For financial institutions that have already implemented CECL during the first few months of the year, the call for deferment of CECL may be too late. Financial institutions have spent the last several years at considerable costs preparing for CECL (i.e., running systems in parallel, updating methodology and documentation, etc.), and to revert back to the Incurred Loss method could now cost more money, time and energy at a time when most forecasting teams at financial institutions are working remotely. For instance, model documentation, assumptions and methodologies will have to be revisited as well as process documentation, policies and the overall internal control environment. Additionally, following the Incurred Loss method at this point may not help to avoid a potentially significant reduction to Common Equity Tier 1 (CET1) capital and could be worse without the phase-in offered to CECL adopters discussed above.

With the COVID-19 pandemic, reserves for credit losses (whether utilizing CECL or the Incurred Loss method) in the coming quarters will likely increase if the financial services industry has to come to grips with another economic downturn.

What Financial Institutions Can Expect

The use of qualitative/imprecision overlays by management may increase due to certain model limitations since actual losses will not have occurred in full for the portfolio by the time of the next reporting period (Q2 2020). A multitude of evidence will be available between the quarter-end and filing date for consideration. Trying to incorporate potential COVID-19 economic impacts into the financial institutions’ specific portfolios, as well as offsetting the impact of the government led recovery and stimulus packages, could make it more challenging to estimate the allowance. When using qualitative/imprecision overlays, it is important that a structured and repeatable process is in place, where adjustments are well supported with rationale and verifiable metrics.

The macroeconomic data used in the reasonable and supportable forecast period will be critical during this time. Financial Institutions will need to forecast metrics such as the unemployment rate and other statistically significant macroeconomic variables to estimate their allowance for credit losses. In order to accomplish this during times of such uncertainty, many financial institutions in the industry will be deploying robust challenger models with sensitivity analysis to incorporate multiple scenarios of COVID-19 economic impacts.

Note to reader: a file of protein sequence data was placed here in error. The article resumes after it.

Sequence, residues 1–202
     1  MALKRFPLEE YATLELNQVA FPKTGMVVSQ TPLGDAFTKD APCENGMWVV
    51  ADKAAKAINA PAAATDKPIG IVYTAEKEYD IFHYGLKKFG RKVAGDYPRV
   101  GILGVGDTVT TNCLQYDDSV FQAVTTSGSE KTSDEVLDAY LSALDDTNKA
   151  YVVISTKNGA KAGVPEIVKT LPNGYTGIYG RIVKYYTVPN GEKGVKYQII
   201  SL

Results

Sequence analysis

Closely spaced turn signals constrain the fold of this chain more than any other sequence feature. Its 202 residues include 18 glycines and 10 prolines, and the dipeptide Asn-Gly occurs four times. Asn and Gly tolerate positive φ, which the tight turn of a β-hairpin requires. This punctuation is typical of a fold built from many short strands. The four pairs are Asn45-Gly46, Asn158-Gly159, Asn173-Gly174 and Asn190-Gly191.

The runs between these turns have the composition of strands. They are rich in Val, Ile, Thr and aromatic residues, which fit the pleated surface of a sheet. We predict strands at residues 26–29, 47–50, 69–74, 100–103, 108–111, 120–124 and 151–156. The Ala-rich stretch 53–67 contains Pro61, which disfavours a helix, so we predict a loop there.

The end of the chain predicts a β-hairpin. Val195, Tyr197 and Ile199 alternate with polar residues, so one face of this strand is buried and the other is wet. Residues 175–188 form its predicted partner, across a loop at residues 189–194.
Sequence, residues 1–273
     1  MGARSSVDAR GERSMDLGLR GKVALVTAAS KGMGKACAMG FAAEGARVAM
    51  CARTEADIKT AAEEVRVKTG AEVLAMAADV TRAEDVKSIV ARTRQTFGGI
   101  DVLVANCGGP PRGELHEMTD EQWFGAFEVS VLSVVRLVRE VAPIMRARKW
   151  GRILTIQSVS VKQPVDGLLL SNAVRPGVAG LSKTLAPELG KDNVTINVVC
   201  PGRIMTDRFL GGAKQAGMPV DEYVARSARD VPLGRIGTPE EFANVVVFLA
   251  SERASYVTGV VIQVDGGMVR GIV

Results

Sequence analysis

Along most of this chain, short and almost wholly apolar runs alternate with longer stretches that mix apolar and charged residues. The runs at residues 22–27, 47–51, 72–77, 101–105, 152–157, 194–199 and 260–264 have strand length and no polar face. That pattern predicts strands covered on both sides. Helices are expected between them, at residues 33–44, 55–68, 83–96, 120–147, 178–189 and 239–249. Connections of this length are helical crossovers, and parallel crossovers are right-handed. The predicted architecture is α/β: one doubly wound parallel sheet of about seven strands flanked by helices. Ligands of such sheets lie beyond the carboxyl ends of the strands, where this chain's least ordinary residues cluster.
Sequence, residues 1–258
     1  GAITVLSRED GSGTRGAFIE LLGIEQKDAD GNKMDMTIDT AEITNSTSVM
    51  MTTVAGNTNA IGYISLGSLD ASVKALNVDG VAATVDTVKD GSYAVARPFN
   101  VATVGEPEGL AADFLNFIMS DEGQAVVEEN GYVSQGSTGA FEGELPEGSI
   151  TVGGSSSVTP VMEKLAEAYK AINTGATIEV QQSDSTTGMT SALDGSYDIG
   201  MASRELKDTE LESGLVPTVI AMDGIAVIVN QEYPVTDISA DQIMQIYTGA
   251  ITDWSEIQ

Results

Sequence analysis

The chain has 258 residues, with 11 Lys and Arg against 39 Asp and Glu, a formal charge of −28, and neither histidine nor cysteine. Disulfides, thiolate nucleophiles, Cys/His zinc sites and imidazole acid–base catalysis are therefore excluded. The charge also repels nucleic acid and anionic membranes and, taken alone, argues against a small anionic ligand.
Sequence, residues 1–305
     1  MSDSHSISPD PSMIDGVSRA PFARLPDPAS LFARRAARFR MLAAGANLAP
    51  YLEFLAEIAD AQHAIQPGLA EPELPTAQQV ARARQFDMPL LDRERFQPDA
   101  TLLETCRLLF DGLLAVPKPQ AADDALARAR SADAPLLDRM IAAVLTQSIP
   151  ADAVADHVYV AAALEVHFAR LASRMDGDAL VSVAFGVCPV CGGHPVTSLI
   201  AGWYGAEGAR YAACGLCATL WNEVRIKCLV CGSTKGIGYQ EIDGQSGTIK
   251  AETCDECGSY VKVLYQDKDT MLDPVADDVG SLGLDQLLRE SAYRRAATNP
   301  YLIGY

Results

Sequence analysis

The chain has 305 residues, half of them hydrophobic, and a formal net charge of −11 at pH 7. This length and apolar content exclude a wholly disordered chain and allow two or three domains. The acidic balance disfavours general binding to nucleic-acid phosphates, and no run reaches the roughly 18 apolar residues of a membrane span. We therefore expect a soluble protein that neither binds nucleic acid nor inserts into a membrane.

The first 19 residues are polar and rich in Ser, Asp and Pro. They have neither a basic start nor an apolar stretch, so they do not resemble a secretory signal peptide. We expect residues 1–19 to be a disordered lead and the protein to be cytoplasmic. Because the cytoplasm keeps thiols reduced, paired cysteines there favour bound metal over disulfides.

Given the amount of variance resulting from the COVID-19 pandemic and the federal government’s response with the CARES Act, model governance will be a key consideration in this transitory period. If delaying CECL implementation, models that were retired under the Incurred Loss methodology will now need to be reactivated and approved for use in a controlled environment. Another key consideration would be data infrastructure that was changed for CECL models; reverting to the old Incurred Loss data architecture could result in incomplete and inaccurate data sourcing and transformation.

Robust and demonstrable challenge through management review controls will be increasingly important for the upcoming credit loss forecast estimates, which will require significant management judgement. Regulators and auditors are well aware of the imprecision of loss forecasts and will expect them to change as new information about the spread of COVID-19 comes to light. The demonstration of “credible challenge” and ability to explain changes to the loss allowance estimate and any key underlying assumptions will be critical.

Sources

  1. https://assets.documentcloud.org/documents/20059055/final-final-cares-act.pdf
  2. https://www.sec.gov/news/public-statement/statement-teotia-financial-reporting-covid-19-2020-04-03
  3. https://www.sec.gov/news/press-release/2020-53
  4. https://www.federalreserve.gov/newsevents/pressreleases/files/bcreg20200327a2.pdf
  5. https://www.federalregister.gov/documents/2019/02/14/2018-28281/regulatory-capital-rule-implementation-and-transition-of-the-current-expected-credit-losses

ABOUT THE AUTHORS

Michael Badger
Manager
DHG Risk Advisory

Amanda Houser
Manager
DHG Risk Advisory

Lee Miller
Lead Consultant
DHG Risk Advisory